Tried soaked grain pancakes..why was it so nasty? - Mothering Forums

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#1 of 5 Old 08-30-2012, 09:40 PM - Thread Starter
 
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I tried this recipe this morning and basically, the chickens had a pancake breakfast

 

http://www.suegregg.com/recipes/breakfasts/blenderbatterwaffles/blenderbatterwafflesA.htm

 

So I'm wondering if there was something I did that made it so nasty, or if maybe its.. um.. an acquired taste? I kept reading that soaked grain pancakes were tender and fluffy and delicious and I'd love them so I had my hopes up. The whole, unground grains I had on hand were oats, quinoa, and millet so I mixed those. I know the millet was pretty old, but it smells fine, so I don't have any reason to believe its gone bad. Quinoa was probably pretty old.. I know I've used it more recently than the millet, but can't remember when exactly (could have been this past spring but i can't be positive). I used the last of it so I can't go sniff it. I put the flax in with the grains instead of just before cooking like the directions say. That was just an oops.  So if soaking flax makes a terrible flavor.. well, we have our culprit. We did not have buttermilk, yogurt, apple juice, apple sauce, or any non-dairy milks. So I used water + 1 tbs ACV. I'm assuming that was okay? I let it soak a full 24 hours, as that was the length suggested for oats. Could that have been too much for the other grains and given it a terrible flavor? Sniffing the batter before cooking it was almost unbearable. The small seemed to burn my nose! The smell didn't permeate the room or anything, but sniffing the blender was really nasty.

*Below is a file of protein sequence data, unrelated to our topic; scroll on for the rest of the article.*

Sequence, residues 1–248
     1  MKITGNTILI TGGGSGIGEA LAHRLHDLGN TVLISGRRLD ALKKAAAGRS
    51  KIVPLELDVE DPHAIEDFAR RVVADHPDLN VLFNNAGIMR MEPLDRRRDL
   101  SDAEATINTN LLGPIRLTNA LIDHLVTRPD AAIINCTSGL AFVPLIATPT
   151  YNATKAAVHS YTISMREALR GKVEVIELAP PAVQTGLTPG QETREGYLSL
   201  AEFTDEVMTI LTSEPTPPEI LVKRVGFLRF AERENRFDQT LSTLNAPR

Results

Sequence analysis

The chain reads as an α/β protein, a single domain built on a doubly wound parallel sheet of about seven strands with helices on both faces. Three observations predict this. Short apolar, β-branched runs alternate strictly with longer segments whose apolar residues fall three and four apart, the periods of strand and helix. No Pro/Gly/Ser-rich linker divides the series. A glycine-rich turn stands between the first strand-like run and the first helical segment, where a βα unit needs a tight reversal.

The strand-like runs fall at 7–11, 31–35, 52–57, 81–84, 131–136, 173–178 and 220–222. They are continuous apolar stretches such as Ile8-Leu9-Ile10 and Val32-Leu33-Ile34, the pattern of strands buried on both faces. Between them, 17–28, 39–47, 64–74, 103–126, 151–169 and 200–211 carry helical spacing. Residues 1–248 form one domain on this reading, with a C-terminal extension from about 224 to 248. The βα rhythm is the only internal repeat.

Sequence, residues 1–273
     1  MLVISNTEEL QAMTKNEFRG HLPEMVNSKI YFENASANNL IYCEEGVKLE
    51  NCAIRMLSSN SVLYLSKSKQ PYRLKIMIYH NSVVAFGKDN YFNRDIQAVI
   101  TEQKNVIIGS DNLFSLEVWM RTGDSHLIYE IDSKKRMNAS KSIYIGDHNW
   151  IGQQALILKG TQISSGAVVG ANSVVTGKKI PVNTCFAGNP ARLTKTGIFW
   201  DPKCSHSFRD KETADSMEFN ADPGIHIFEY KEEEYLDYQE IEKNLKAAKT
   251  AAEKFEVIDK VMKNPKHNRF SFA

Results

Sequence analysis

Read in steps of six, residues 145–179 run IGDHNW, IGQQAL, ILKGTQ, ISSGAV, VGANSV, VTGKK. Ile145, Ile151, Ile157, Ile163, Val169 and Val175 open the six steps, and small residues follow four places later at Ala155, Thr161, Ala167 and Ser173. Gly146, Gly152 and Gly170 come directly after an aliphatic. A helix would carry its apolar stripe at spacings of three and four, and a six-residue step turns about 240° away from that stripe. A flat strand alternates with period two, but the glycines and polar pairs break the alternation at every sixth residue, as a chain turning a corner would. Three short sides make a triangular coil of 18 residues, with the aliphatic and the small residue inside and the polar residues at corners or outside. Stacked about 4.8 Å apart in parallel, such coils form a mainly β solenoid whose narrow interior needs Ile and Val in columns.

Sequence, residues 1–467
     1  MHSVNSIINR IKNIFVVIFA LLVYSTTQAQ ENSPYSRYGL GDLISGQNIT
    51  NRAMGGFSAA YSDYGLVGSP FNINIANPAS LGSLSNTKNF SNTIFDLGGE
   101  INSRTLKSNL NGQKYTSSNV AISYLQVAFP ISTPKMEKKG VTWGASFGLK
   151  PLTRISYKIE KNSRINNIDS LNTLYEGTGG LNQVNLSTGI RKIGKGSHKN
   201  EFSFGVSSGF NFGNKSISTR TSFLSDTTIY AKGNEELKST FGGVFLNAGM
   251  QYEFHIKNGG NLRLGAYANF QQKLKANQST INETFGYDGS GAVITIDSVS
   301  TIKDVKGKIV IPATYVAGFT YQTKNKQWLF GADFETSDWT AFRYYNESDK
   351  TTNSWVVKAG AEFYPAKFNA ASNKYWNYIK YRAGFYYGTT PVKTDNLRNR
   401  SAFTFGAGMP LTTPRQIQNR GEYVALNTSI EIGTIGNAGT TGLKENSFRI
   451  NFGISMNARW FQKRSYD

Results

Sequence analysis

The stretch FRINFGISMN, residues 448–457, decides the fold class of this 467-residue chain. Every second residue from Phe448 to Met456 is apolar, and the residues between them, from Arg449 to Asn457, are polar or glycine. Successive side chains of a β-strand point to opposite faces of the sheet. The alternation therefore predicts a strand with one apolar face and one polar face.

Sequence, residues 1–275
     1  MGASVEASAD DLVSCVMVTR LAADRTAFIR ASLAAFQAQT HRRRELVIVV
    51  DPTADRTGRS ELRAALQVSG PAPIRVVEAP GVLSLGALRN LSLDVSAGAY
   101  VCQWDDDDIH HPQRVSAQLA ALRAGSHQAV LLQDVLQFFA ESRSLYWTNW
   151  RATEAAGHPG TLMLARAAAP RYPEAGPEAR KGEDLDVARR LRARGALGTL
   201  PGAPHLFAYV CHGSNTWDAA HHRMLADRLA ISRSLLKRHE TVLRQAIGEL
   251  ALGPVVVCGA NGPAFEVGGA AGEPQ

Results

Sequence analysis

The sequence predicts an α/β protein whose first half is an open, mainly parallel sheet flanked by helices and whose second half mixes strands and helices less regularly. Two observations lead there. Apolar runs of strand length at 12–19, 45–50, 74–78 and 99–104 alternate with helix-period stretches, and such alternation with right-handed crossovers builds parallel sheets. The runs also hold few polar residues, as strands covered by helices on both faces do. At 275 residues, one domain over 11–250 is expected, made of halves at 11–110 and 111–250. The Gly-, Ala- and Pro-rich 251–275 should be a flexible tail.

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#2 of 5 Old 09-01-2012, 08:30 AM
 
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A few thoughts:

Whole grains tend to turn rancid, not rotten. More so if stored at room temp. Its best to store them in the freezer if you can. (and this issue is why even early farmers and traditional people almost all removed the bran from their grains for storage, and why around the world non-whole grains are considered more of a delicacy. They keep longer and taste sweeter without the rancid outer layer. People knowingly sacrificed the nutrition of the bran for that).

Flaxseed also is known for going rancid very very fast. Its why flax oils are sold refrigerated.

Rancid grain doesn't necessarily smell bad if you give it a sniff, but tastes bitter and unpleasant on the tongue.

Add to that the general sour flavor of fermented foods -- have you worked wth sourdough before? -- and I could guess the resulting batter would be pretty noxious.

I freeze many of my whole grains, and the ones that I use fast enough to not require freezing are stored in mason jars with the white plastic caps you can buy for storage, and I use a dry erase to write the expiration date from the package on the lid. This helps me remember how old my stuff is.

So my guess is rancid grain flavor plus possibly over fermenting plus possibly there eing even more flavor issues when you blend and ferment things that are rancid already.